Monthly Archives: October 2015

Of Bird Watching and Halloween

Just got back after a long day at the local bird park. It was a hot and humid day, but we did see some lovely and exotic birds. We walked around the park taking in all the sites and sounds of the various birds. From colourful, squawking macaws and wetlands birds, to birds of prey, we saw them all.

I had my bit of Halloween spookiness at the bird park today. I love taking pictures of flowers, plants and animals. So, there were these beautiful bunches of baby pink flowers hanging from a small tree. I zoomed in to click, when the flowers shook suddenly.  There was no breeze. The shaking stopped as suddenly as it had started. I focussed again on the flowers, and would you believe it, the flowers shook again, more violently this time.

 

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                 The shaking flowers

My son shouted from behind me, “Mom there are two Iguanas above you.”

                 

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                  Mr.Iguana Shaker 1

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                  Mr.Iguana Shaker 2

Ha ha….nothing spooky there! We had a good laugh. Here are some pictures I took today.

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Moments of nothingness

The week’s craziness has abated, though not completely. This is the Indian festival season. Navratri’s barely over, and we are already barrelling towards Deepavali.

After many days, this morning I got a few minutes to sit on my living room couch and gaze out through the balcony window. A few moments of nothingness.

I believe that looking out at the world outside is immensely therapeutic; you are oblivious to your own self, as you watch life happening outside.There is so much contentment in just being.

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            Courtesy – en.wikipedia.org

As I watched, a lazy pigeon feather swirled round and round, enjoying the gentle breeze on its way down. A beautiful pigeon sat on the balcony grill and watched the world. My hibiscus plant moved gently with the wind. Crisp laundry fluttered in the service areas of many homes. Curtains billowed in the breeze.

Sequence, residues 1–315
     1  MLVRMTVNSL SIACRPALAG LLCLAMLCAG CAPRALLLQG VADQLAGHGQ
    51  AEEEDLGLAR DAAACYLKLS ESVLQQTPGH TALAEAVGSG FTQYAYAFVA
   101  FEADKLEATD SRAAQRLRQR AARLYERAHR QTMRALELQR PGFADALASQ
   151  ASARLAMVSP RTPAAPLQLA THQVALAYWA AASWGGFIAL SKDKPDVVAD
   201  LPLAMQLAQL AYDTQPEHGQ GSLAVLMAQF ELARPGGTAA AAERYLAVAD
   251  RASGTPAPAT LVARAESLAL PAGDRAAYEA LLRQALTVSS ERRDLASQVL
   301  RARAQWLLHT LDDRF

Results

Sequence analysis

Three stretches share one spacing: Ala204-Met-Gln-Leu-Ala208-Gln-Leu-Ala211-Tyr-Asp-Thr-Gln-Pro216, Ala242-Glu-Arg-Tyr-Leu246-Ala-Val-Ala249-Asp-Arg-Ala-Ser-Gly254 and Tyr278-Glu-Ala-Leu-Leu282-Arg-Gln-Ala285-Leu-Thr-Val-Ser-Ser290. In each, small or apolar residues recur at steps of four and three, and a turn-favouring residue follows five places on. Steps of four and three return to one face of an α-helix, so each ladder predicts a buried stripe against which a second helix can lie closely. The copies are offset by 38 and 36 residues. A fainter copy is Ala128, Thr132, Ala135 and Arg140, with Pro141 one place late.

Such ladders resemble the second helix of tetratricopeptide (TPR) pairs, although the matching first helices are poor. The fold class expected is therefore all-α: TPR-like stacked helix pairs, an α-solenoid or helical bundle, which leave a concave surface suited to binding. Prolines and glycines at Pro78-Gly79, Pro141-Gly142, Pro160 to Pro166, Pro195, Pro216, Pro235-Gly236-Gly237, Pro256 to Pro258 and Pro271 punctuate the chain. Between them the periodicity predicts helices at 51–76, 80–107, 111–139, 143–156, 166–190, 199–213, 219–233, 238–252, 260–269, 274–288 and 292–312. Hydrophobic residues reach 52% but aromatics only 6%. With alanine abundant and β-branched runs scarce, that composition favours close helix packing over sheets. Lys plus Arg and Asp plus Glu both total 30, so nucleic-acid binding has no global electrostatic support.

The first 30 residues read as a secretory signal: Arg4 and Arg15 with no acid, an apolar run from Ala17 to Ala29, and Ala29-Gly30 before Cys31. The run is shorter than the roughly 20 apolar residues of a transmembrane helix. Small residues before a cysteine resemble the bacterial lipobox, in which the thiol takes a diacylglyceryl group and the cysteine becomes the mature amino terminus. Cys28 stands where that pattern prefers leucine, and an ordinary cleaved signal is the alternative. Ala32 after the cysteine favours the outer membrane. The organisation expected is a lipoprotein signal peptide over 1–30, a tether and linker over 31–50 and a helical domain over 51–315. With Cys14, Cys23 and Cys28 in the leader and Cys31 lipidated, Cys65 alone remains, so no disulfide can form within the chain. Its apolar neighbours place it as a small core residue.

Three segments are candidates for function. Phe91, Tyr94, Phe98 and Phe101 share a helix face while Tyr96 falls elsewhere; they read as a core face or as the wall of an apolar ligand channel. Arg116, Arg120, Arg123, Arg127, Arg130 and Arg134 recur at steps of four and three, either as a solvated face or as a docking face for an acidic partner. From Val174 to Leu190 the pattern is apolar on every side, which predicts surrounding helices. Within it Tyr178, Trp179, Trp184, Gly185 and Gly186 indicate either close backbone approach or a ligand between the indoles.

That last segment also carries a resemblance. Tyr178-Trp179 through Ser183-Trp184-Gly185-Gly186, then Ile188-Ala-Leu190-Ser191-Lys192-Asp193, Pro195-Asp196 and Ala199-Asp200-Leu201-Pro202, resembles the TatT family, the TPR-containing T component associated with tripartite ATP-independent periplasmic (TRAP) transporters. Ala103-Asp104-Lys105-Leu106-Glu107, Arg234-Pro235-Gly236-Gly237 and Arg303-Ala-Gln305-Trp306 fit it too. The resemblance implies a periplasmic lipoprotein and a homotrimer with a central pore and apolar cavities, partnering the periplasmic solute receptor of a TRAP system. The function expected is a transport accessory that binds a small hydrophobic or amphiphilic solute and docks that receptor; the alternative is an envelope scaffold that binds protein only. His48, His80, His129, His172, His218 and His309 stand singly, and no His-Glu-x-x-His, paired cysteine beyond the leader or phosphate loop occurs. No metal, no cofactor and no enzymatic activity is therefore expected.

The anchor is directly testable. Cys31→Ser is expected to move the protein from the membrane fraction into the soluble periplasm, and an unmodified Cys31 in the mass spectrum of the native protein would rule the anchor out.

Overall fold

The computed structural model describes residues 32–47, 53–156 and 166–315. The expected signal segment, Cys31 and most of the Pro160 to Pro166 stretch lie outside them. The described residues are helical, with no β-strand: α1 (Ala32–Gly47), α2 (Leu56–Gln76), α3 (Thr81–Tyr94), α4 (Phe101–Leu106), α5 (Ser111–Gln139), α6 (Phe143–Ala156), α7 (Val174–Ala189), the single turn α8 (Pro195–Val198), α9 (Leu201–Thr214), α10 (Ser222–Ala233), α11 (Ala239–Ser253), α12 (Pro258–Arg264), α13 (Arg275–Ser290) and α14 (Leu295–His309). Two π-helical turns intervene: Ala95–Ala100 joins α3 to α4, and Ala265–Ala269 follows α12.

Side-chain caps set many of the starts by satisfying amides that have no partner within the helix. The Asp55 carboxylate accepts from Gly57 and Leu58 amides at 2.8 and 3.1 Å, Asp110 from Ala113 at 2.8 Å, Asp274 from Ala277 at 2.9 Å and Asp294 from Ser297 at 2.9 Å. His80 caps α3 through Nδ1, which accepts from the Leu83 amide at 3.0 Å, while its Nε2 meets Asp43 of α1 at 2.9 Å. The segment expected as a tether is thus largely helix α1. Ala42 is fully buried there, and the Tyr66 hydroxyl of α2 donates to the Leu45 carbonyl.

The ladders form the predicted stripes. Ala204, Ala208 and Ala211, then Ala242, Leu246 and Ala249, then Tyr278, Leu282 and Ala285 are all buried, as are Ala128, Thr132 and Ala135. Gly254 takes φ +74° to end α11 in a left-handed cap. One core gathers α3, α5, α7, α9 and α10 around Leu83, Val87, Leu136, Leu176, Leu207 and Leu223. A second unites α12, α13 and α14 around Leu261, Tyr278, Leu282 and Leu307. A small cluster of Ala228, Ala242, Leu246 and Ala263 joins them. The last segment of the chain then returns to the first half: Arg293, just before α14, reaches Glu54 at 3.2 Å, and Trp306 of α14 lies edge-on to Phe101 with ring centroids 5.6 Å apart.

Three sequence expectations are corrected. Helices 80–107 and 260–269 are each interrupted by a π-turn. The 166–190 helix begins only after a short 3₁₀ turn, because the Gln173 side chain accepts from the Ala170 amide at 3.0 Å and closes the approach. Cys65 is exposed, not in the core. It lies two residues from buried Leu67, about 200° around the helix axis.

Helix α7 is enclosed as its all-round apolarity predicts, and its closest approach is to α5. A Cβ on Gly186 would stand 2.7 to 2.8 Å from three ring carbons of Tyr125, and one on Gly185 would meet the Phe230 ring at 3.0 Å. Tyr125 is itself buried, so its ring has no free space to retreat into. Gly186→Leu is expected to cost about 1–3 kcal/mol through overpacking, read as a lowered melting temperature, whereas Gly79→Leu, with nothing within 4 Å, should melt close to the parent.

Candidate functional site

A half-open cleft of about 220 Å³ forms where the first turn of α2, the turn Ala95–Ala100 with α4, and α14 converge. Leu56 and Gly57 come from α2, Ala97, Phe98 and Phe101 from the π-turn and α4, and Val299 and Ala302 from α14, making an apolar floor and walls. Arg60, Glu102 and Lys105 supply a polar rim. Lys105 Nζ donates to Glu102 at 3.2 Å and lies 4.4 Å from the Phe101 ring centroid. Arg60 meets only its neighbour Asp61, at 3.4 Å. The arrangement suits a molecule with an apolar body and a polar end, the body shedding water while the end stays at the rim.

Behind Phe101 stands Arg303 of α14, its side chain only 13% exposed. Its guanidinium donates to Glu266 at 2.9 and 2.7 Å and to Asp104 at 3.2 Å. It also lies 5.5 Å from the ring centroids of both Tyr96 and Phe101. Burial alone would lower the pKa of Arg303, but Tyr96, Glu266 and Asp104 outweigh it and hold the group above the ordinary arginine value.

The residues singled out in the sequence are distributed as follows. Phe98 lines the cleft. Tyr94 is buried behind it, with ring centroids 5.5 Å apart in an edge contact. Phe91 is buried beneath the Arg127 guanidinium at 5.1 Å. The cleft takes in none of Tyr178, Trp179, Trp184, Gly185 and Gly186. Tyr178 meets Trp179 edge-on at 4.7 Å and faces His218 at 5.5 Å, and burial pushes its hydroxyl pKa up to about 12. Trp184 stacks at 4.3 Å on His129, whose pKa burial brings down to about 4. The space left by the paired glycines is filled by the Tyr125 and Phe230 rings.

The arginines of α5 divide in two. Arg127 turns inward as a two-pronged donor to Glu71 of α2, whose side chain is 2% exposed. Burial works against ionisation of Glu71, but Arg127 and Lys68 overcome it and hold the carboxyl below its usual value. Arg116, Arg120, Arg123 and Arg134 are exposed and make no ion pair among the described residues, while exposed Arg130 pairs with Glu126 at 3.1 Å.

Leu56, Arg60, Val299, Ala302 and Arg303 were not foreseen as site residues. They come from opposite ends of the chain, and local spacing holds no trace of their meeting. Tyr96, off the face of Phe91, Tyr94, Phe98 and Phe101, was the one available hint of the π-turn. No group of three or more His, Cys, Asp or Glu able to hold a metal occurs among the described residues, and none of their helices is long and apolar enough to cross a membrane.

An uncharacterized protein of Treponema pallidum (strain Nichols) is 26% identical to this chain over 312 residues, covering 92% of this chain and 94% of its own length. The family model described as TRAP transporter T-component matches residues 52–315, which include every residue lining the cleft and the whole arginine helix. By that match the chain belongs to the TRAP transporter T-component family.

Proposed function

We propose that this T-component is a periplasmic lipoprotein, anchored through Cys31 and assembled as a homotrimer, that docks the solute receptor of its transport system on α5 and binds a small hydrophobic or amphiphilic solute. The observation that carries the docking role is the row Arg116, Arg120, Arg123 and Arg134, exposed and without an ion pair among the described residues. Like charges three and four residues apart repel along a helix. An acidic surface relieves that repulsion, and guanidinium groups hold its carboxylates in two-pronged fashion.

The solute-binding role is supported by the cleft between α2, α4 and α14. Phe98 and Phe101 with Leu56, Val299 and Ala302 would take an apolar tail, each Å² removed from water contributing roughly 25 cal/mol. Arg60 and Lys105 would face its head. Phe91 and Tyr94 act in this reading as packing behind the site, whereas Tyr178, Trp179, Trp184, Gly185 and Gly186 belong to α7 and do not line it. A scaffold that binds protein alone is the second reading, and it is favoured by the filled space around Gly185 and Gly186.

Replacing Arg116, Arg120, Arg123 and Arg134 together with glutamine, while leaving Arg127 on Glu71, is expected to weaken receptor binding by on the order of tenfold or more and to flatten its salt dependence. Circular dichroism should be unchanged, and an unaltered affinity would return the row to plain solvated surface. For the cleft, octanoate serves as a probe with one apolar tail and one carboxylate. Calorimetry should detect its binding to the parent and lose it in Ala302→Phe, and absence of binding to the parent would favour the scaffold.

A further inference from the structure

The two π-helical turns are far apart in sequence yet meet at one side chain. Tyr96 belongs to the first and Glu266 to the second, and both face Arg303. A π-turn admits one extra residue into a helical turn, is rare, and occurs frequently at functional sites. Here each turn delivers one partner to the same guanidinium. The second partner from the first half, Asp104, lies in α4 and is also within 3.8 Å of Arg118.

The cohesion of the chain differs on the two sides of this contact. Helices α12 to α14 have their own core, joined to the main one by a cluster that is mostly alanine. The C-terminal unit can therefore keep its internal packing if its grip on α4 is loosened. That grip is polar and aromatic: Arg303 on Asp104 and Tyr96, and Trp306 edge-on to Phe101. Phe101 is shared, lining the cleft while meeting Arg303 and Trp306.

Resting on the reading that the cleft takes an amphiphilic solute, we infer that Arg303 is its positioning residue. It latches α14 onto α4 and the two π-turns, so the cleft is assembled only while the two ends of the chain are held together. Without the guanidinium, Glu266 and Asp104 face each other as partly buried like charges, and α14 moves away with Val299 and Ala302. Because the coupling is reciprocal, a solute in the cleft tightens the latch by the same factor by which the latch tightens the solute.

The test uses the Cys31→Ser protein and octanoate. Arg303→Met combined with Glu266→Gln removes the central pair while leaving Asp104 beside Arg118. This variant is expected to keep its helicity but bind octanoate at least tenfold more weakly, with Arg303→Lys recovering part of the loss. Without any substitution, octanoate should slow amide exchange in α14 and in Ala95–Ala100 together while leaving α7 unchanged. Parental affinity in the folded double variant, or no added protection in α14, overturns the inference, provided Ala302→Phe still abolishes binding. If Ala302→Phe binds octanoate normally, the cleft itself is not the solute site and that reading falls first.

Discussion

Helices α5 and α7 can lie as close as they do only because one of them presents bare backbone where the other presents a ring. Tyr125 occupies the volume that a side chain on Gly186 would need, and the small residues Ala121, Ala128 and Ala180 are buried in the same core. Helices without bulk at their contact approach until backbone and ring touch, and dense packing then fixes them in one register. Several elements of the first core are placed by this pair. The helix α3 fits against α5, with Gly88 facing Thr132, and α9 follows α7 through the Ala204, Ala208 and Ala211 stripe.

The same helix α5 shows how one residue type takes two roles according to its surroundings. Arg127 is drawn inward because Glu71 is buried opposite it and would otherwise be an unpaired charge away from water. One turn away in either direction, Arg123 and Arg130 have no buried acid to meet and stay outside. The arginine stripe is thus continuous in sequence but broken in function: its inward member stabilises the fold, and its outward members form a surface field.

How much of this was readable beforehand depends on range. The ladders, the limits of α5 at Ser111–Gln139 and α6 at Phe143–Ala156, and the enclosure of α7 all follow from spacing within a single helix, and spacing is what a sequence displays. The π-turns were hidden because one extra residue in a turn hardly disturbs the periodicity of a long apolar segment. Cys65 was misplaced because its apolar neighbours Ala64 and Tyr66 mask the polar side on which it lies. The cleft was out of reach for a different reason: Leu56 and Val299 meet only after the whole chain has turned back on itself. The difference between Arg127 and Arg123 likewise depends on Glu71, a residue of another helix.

Faraway, traffic moved at the junction; cars and buses filled with people. Everybody with a purpose, going somewhere, meeting someone.

Birds chirped; and now and then clouds hid the Sun from view.

I felt philosophical, as I watched life happen around me.

Most days we run from one mad chore to the next, never stopping or slowing down, never pausing to see that the plants in our balconies have grown buds, or that the orchids are in full bloom. Sometimes the cacophony of our minds and the noise of traffic and technology hide the beautiful music of chirping birds and the whispering breeze.

It truly felt great to observe and not participate. Before I got dragged into the chaos of everyday chores, I took a few deep breaths and enjoyed my few moments of nothingness.

Marriage in a Coffee Mug

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In the early days of our marriage, my husband and I went out one evening to a home exhibition and sale, as we were setting up our new home, and wanted to buy stuff for the house.

There was a sale on,  for porcelain kitchenware. I was drawn like a magnet to a set of coffee mugs, that looked like pieces of tree trunks, with gnarled knobs and ring patterns. They looked unique, and so inviting.

My husband did not like these mugs at all. He wanted something simple. We argued (must have been one of the first arguments, me thinks).  Finally, we agreed to disagree; and the coffee mugs came home. All six mugs are still intact and have lasted us many, many years. My husband has grown to like them over the years.

While the lasting love, commitment and promises are the foundation of a marriage, it is these simple things and moments that form the bricks of any marriage.

Be it about making up after an agreement, or letting go ‘for’ your spouse without allowing ego to walk-in to a situation.

It is about his choice versus yours many a time, and having the wisdom to disagree without malice. It is about the small joys of reading a book together or shopping for grocery. It is about egging each others’ fitness goals, and then also indulging in a huge dollop of icecream together.

It is about seeing yourselves in your children, and also realizing that your children are not you. It is about being able to laugh at yourselves and being able to cry together. It is about doing everything together, and then doing nothing together.